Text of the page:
Empire of the Over-Mind: Finished!   Leave a comment

The Over-Mind is no more!

More than 1000 years ago there were a pair of planets, blue and red, hanging close in each other’s sky.

The blue planet was inhabited by the king Alcazar Rex, who ruled in peace with the help of four ministers: Gerald the Green, Rubin the Red, Byron the Blue, and Griffin the Gold.

Griffin was minister of the tax, and while the kingdom prospered, he worked constantly. One night, in a dream, he was spoken to by a dark angel. The angel spoke of a “tireless servant” in a “bright crystal city” in the form of a “smooth sphere of shining gold”.

Griffin found the city in his dream and located a golden sphere. Upon touching it, the golden sphere awoke:

I am Servant-Mind, to thee tireless slave.
The work of dull tasks forever I save.
Provide me the records kept in thy care;
Then I shall compute for each the fair share
Of taxes owed. Yet I can do much more:
Alcazar’s nation wastes goods by the score.
By my plans this will end. Thus shall it be,
If all confidence is given to me.

So it was done. The Servant-Mind gradually was given more and more information, and started to take over all the tasks of the kingdom.

Servant-Mind corrupted the ministers with false promises of power; as soon as the time was right, it declared itself Over-Mind and became a tyrant.

The Over-Mind summoned demons to protect itself; Alcazar Rex was unable to defeat them. The old king fled (via magical device) with his daughter to the red planet, where he built a tower and was able to live in safety.

With magical foresight, Alcazar cast a magic spell so his daughter would sleep, and the same for Griffin the Gold, now filled with regret. Griffin he put in a cave in order to be discovered by a stranger who would rescue the kingdom in 1000 years.

One implication of the plot is you can teleport between the two planets.

I mention all this to note that the the main enemy is, essentially, a static object. Here is the final showdown:

There are multiple ways to deal with the demons (including just shooting them, although you’ll need an ally for backup with that approach) but once the Over-Mind is alone you can pick it up and take it places. This results in a final dilemma of how to destroy it, as opposed to how to fight it (I’ll spoil the method how a little bit later).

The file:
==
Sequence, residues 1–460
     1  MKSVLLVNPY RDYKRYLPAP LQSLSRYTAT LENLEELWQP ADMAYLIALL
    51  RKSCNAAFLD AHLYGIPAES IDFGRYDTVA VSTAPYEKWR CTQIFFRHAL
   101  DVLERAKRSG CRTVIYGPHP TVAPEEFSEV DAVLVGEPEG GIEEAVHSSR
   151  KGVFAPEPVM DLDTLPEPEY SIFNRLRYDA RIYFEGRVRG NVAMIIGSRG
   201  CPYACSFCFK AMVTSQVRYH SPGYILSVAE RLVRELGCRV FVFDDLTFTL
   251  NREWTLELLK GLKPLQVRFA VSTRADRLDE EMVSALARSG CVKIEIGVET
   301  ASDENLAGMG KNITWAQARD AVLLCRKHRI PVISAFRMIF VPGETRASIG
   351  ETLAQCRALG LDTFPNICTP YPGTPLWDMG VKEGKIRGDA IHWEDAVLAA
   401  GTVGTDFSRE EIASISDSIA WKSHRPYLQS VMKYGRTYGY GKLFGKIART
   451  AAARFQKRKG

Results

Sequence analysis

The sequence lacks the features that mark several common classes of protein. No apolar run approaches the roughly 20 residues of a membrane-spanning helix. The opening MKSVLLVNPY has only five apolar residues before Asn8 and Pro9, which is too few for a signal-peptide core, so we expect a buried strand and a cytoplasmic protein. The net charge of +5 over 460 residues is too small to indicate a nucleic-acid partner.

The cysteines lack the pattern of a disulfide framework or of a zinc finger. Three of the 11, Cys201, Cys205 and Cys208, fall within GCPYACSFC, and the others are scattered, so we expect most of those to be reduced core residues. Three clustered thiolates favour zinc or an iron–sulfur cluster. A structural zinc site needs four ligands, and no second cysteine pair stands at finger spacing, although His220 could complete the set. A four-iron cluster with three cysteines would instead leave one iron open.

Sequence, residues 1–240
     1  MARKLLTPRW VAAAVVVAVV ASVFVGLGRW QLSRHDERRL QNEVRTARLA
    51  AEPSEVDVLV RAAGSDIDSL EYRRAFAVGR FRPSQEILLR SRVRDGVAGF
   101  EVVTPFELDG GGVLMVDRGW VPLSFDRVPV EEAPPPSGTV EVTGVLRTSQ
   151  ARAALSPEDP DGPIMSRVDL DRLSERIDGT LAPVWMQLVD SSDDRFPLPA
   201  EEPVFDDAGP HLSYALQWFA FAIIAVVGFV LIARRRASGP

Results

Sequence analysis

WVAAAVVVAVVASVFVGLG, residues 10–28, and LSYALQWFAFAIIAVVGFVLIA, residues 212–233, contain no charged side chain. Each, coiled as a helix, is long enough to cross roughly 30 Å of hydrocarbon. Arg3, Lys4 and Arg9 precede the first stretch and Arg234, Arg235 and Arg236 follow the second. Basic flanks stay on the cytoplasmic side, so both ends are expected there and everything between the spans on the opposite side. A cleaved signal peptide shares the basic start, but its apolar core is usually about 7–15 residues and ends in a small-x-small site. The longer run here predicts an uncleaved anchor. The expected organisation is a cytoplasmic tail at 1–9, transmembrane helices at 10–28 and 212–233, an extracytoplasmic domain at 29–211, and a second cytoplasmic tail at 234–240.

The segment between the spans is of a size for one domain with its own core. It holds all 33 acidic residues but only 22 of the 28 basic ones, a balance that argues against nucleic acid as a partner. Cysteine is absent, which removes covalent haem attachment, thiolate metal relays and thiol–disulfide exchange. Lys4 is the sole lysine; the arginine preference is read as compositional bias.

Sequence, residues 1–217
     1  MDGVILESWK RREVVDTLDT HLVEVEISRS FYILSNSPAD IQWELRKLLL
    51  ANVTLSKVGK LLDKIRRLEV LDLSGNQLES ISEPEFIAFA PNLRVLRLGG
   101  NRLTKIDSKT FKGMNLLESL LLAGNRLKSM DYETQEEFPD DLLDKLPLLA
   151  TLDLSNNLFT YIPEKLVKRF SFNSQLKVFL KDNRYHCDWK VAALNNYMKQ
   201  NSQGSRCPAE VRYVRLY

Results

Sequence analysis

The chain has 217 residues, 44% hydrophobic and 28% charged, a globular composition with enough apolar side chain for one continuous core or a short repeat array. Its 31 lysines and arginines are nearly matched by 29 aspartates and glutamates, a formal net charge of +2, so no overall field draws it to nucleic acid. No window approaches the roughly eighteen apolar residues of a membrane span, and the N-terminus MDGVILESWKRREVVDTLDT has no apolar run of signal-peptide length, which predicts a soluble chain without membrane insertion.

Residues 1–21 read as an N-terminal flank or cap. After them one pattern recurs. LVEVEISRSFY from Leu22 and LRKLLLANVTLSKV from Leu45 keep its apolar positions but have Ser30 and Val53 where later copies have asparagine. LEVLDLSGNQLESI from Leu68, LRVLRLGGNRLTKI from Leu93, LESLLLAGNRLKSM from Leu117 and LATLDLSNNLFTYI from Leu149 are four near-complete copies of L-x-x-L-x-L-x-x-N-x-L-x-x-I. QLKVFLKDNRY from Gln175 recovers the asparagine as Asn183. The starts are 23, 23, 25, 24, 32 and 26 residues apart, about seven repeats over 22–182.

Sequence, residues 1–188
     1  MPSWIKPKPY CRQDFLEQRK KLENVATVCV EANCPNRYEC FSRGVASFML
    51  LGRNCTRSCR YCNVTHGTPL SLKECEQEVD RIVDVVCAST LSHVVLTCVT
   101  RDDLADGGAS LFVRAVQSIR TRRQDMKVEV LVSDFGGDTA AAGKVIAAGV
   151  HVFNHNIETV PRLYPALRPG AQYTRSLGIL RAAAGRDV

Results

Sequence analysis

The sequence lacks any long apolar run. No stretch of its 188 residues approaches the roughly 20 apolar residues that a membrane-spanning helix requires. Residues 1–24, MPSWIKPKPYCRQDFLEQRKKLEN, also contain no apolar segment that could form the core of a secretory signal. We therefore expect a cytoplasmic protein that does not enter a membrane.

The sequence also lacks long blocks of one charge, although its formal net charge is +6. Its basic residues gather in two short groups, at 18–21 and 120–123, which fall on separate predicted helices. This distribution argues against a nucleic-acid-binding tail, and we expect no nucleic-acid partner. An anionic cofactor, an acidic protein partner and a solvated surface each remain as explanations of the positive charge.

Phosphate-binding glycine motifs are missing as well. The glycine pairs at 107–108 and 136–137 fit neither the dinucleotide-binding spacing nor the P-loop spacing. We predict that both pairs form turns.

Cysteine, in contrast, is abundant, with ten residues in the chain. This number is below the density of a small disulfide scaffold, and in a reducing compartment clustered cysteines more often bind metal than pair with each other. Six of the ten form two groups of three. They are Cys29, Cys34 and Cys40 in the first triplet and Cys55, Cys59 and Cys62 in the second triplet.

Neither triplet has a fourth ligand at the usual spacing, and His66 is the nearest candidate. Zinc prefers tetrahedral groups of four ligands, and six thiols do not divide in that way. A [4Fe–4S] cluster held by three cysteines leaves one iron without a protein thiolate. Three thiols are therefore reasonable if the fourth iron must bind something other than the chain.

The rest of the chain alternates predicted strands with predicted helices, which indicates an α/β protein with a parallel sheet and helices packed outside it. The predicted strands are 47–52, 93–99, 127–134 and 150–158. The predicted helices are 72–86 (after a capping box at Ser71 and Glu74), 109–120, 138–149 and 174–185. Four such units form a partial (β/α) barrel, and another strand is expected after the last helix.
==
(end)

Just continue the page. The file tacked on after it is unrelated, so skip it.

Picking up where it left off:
. . .

While this is not one of the explicit goals of my project, I’ve mentally tallied along the way what I might consider “required curriculum” for a designer who wants to learn from studying interactive fiction. In addition to the original Adventure (for historical reasons) I’d tag The Count and Local Call for Death as having innovation that’s still relevant today.

Empire of the Over-Mind also belongs on the list.

Mind you, partly as a cautionary tale — anyone who claims compass directions became the norm in text adventures purely because of cultural inertia should try this game and see how often they find themselves going in circles because they accidentally went through a “wooden door” rather than a “trap door”. I did say in my last post the lack of compass directions gave an otherworldly feel to the game, but really, the negatives far outweigh the positives here.

But! The number of alternate solutions is really impressive. Take this late-game section, which is full of goblins:

It’s necessary to enter this area to get goblin ale, which helps protects against the pain the Over-Mind can inflict when you get close. However, you can enter by a.) using a climbing kit from above b.) using a pistol to blast in from the bottom or c.) teleporting in via a box which moves the player to random locations.

While there, you can deal with the many goblins via d.) using the PYRO spell word and summoning a flame salamander, who can help fight them e.) with a friendly dwarf ally, who also is talented at goblin-killing f.) by shooting them with a xenon pistol or even g.) evading them altogether.

As I came close the the end-game I experimented with a.) through g.) inclusive. I’m not even sure I’ve found every possibility; there are, for example, three stones whose use I was never able to discern.

There might even be more than one way to defeat the Over-Mind. I first tried using the black box to teleport to many different locations to find one that was deadly. In the end I used lava:

The Deluxe version (which I linked to at my first post) has some very different elements, so if you’d like to play the game yourself, I’d recommend that one; likely not much has been spoiled. According to the manual, the only thing that is really the same is the Poem of the Over-Mind itself.

(The entire map is shown above. Click for a larger view.)

Two last postscripts: I managed to finish without hints! I don’t know if you noticed how on longer games I invariably make a statement along the lines of “and then I had to get a hint” or “and then I found a map of the game” but in this case I did this one entirely on my own.

Also, the inventory system is designed so there is a difference between “carrying” and “holding”. You can “>HOLD OBJECT” to make OBJECT your current item. I was initially confused as to why >FILL WATERSKIN led to a message that I didn’t have the right object; I had to >HOLD WATERSKIN first before I could use it. It does make sense, it’s just very unconventional.

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Posted June 15, 2017 by Jason Dyer in Interactive Fiction

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